Cheap Ways to Travel Across Europe.

Since I started my studies in Groningen, I’ve met many people that told me that travelling on your own is the best way to discover yourself and the world. That inspired me to hit the road myself. Travelling alone, that meant I had to persuade myself that I actually didn’t need other people. Further on I understood that being alone was not meant literally: people are very eager to make contact with lonely travellers. During my journeys I have always met people on the road who I went on unplanned trips with. Another obstacle that hindered me was the worry about money. As of day one I decided to try the cheap things that everybody was talking about but nobody does, like couchsurfing. And I loved it! Ever since then I dedicated myself to the real, ultimate, cheap travelling experience.


The first part of travelling is to go from one place to another. All research classes turned out to be worth it, because travelling cheap requires one big, long, awesome research of different ways to reach the place you want. So as a true Hanze student traveller, the summary is: Flixbus, Ryanair, Wizzair, Megabus, BlaBlaCar, Eurolines and handy transport offers such as weekend and group tickets. By the way, true adventurers try hitchhiking. It might sound unsafe, but on Hitchwiki you can read very useful information about hitchability and waiting time, straight from other hitchhikers. As for drivers, use your common sense and keep in mind the golden rule: travelling with someone else is safer.

The easiest way is to search for a cheap hostel, but I prefer couchsurfing. You can search for people that are willing to host you for free in their houses in exchange of cultural talks, activities in their town and dinners. Many people are afraid to try it out, but it’s a very secure social platform. People have profiles in which they describe themselves and moreover: you can find recommendations and experiences of previous couch surfers. So far, I have never had bad experiences and I have been a guest of eight different people in different countries and I have been a host myself twice.


On one occasion in Geneva I was staying with a guy who had a private pool in his building. That is better than any hostel in the world! It is true that sometimes you have to sleep on the floor in a sleeping bag but you always know that in advance, so it is your own decision. All couch surfing people are amazingly kind to share their private lives, show you their city and have conversations that enrich your life. As long as you are open-minded, respectful and honest, couch surfing will be the best thing you have done.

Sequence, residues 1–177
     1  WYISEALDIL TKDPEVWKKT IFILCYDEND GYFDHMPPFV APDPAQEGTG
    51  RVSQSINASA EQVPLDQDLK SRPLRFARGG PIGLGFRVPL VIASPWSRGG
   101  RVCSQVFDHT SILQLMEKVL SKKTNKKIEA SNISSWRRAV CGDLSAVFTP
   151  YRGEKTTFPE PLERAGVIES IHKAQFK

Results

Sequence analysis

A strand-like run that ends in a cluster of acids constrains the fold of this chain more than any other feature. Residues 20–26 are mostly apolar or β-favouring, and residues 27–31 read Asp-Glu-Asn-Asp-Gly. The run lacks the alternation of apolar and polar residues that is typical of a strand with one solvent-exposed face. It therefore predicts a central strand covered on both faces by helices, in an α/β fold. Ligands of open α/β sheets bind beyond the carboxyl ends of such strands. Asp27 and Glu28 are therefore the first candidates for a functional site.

One month is a long time to be in a new place on your own or to sleep at other people’s houses. So it feels right if you do something in exchange
The first thing I did was becoming an au pair (AKA nanny). The family provides you with food, bed, activities and a small salary. Being an au pair is a job but actually a great way to work and to travel around during weekends. The kids might go out of control sometimes but that is alright. If you are capable of surviving exam periods, you can definitely manage kids. As an au pair, you will be able to experience home-made, local food, have a lot of conversations, learn a new language and, most of all, have fun.


Ever heard of WWOOFing? WWOOF means worldwide opportunities on organic farming. Basically, you choose an organic vegetable, cattle or herb farm in any country around the world. You work for four hours a day in exchange for a bed and food. Actually, WWOOFing brought me new skills as taking care of animals and growing vegetables. Two days a week you have time to travel. In the farm in the French Alps that I chose we stayed with two young French farmers, two Americans, one Frenchman, one Bulgarian and two Australian WWOOFers. We took care of the goats: milked them, made cheese and sold that on the local market in Geneva. So WWOOFing is a great chance to meet other people, eat organic food, travel around and learn something useful.
Most hosts prefer the participants to stay for two or three weeks, so they can get into the routine of either child care or farming. That’s a fair deal, right? More than fair, I would say.